Ostrander is a growing area in central Ohio with a population of 695, up from 410 in 2000. The village was founded and platted in 1852 as a direct result of the CCC & I Railroad running through the area from Springfield to Delaware and eventually on to Mansfield. The original village was laid out by I.C. Buck into 104 lots and thus named Ostrander, after Shelemiah R. Ostrander, a civil engineer for the railroad. See the original plat here. The village was officially incorporated on May 18, 1875.
In 1925 a fire started in a restaurant on Main Street in the main square of town and spread through the entire block, completely destroying it except for the livery stable on the southwest corner. The block was partially rebuilt over the next couple years and looked much as it does now. In 1948, the landscape of the village was altered significantly when the Ostrander Farmers Exchange erected the towering concrete silo for grain storage and in 1954, a new town office and fire house were built. A new library was built in 1990 and a new fire house servicing Scioto Township and Ostrander was erected in 2003.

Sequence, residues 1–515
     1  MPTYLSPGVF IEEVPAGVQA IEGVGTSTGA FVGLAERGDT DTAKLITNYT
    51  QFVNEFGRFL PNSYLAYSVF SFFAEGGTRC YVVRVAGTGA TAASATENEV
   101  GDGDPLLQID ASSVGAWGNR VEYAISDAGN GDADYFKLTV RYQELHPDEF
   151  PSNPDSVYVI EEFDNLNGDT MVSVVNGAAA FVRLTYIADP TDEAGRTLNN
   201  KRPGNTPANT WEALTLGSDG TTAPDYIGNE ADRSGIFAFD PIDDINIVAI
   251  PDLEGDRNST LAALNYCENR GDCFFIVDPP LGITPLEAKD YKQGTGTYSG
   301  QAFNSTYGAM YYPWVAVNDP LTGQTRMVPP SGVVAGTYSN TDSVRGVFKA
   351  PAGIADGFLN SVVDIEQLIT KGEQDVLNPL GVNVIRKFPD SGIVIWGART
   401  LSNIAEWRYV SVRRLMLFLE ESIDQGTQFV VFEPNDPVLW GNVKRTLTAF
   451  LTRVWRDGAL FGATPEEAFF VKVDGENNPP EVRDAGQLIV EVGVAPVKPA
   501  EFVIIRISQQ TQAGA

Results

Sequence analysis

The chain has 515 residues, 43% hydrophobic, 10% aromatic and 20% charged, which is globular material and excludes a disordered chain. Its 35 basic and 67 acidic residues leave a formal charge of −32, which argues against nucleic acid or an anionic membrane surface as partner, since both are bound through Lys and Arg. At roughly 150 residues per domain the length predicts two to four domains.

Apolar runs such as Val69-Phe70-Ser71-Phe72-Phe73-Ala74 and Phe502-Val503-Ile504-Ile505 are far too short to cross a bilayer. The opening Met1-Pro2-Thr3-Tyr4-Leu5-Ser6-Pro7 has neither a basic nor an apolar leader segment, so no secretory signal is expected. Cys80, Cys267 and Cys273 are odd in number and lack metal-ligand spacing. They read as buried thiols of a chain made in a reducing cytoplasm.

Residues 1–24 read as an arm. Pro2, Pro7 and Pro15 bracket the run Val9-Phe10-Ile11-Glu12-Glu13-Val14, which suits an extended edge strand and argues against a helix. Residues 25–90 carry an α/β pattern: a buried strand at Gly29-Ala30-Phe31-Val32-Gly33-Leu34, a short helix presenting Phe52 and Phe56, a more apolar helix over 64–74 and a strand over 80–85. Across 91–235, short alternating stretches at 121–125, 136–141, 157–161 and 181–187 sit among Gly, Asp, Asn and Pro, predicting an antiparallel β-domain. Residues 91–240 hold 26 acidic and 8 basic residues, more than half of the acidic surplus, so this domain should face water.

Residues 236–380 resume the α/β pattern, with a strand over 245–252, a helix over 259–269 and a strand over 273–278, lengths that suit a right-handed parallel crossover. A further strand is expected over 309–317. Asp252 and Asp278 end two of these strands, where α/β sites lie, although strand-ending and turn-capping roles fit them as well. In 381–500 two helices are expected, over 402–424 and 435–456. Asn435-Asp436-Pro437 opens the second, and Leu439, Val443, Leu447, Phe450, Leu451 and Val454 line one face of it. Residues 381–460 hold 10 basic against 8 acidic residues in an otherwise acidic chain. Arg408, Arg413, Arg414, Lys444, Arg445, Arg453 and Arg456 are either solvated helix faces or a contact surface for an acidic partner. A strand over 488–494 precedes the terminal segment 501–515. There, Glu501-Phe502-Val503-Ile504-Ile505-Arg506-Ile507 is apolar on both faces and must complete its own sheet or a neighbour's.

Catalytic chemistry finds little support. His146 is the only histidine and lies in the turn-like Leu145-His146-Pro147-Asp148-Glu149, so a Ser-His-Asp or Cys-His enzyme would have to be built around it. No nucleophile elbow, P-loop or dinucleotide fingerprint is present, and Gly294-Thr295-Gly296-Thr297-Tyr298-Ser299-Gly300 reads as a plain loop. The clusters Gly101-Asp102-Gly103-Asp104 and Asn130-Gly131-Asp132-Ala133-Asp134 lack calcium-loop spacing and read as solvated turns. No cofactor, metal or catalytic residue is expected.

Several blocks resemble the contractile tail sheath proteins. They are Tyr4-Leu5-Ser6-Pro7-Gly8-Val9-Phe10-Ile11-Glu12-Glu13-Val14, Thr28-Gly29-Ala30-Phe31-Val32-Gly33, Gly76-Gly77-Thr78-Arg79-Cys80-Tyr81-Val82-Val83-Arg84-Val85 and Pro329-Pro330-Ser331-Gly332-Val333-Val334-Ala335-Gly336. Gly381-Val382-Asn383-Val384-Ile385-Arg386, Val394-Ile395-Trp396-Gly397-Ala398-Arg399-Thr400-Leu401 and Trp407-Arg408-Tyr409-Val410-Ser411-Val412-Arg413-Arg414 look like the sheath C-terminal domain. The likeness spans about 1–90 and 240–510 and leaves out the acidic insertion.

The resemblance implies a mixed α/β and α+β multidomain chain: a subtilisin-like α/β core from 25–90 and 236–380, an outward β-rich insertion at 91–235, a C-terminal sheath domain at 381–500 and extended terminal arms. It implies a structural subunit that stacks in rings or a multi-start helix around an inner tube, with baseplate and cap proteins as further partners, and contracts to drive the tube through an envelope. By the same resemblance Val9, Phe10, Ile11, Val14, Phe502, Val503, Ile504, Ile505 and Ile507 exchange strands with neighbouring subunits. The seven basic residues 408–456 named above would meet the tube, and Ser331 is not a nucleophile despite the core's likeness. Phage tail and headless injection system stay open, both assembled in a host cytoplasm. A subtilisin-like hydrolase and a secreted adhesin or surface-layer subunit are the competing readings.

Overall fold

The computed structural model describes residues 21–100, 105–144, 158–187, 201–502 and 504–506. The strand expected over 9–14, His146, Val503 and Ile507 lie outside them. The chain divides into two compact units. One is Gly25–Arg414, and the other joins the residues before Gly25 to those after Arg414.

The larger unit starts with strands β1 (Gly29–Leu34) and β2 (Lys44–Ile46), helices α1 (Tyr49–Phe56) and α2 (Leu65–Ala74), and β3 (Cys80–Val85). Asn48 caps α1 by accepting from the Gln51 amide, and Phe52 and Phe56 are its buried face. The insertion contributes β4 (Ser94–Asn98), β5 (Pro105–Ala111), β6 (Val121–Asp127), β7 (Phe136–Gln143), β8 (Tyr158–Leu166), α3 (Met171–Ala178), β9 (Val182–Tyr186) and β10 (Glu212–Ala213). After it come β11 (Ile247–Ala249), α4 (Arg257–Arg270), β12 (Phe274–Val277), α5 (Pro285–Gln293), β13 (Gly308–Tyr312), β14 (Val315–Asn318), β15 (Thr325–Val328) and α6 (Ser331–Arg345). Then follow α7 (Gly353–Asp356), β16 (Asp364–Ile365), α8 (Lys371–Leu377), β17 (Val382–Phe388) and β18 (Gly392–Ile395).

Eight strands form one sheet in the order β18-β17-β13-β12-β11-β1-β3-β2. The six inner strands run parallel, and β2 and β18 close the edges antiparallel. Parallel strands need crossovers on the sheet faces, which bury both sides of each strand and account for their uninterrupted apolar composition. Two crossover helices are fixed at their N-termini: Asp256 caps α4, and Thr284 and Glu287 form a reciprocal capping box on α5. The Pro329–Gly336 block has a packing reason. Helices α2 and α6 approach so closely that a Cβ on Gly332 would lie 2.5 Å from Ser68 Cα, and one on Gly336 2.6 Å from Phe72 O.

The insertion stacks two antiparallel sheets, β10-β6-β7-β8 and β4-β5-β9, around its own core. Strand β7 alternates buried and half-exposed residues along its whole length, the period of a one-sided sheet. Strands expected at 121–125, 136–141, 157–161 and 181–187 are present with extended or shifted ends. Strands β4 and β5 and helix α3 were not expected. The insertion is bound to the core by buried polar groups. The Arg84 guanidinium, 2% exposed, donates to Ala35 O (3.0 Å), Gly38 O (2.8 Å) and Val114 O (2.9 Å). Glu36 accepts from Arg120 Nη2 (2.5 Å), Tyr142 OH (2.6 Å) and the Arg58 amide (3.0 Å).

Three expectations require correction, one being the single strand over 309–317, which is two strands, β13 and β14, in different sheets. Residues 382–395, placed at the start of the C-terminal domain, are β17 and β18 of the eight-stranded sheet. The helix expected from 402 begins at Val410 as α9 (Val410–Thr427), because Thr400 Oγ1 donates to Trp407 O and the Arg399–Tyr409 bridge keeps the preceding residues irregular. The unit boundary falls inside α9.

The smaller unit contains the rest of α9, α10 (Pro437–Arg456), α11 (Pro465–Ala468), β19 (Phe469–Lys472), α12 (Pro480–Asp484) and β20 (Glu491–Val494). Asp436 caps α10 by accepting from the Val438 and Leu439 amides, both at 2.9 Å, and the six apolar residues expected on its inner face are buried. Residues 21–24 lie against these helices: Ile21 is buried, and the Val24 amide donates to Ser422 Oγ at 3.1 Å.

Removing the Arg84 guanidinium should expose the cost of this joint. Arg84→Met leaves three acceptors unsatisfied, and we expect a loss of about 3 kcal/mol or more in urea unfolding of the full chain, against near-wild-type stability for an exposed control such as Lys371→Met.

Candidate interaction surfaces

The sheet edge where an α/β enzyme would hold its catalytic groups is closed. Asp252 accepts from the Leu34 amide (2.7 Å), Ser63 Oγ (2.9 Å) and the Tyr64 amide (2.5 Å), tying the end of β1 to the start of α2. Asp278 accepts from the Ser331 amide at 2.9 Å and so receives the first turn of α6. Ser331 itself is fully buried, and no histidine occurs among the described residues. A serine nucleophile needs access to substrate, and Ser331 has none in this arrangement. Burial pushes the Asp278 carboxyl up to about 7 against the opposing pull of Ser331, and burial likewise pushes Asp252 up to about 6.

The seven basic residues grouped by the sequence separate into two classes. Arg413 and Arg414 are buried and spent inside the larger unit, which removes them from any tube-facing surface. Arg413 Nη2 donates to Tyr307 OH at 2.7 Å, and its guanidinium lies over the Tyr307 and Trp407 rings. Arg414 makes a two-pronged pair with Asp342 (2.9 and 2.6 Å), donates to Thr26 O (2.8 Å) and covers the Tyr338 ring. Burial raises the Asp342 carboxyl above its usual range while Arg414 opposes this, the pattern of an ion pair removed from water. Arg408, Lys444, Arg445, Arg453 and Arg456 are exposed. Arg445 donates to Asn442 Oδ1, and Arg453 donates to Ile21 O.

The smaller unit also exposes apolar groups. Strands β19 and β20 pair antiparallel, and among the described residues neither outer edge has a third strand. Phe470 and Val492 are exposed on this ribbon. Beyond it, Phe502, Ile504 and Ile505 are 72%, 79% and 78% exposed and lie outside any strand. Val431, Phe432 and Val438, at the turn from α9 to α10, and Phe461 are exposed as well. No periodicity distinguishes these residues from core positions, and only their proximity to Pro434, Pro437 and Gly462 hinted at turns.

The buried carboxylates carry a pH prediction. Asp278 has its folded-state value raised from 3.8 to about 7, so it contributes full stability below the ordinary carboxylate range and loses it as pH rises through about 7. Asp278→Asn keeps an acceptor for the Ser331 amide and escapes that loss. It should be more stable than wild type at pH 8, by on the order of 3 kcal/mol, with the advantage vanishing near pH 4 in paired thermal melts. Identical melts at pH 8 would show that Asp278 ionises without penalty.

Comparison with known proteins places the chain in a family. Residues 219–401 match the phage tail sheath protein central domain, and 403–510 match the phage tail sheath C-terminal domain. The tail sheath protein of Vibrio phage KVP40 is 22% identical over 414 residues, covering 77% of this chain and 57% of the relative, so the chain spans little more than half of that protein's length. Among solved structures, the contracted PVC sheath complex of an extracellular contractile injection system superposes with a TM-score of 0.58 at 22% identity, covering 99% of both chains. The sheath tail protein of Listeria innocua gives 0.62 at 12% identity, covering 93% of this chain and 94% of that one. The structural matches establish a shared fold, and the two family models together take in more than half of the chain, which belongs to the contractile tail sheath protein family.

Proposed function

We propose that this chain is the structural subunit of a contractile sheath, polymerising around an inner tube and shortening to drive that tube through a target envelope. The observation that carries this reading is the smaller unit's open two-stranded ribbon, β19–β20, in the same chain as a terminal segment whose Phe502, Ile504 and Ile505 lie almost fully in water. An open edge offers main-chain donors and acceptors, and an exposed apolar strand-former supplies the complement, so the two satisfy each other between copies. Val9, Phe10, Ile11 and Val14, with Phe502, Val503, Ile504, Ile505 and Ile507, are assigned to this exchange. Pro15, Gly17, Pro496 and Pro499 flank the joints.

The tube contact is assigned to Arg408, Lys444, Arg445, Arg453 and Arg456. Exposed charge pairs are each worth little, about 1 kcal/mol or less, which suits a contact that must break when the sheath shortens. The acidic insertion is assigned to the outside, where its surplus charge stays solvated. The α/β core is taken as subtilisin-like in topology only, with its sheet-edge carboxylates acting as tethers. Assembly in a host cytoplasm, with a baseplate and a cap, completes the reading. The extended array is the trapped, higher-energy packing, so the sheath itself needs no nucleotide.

The railroad, which helped originally form the village, stopped running in 1971 after the rail beds deteriorated to a point where they could no longer safely be used. Most of the track has since been removed in the village and the only remaining evidence of the original railroad is the old bridge over Blues Creek.
Ostrander remains a quiet village of around 700 residents and hosts some of the best Fourth of July and Halloween celebrations in central Ohio as well as an annual car show. It is sparked by an active citizenry who attend the village’s three churches and belong to such organizations as the Ostrander Civic Association and the Scioto-Ostrander Fire Department. The recent population increase is partly a result of a new development and village annexation in 2005, known as the Meadows of Mill Creek.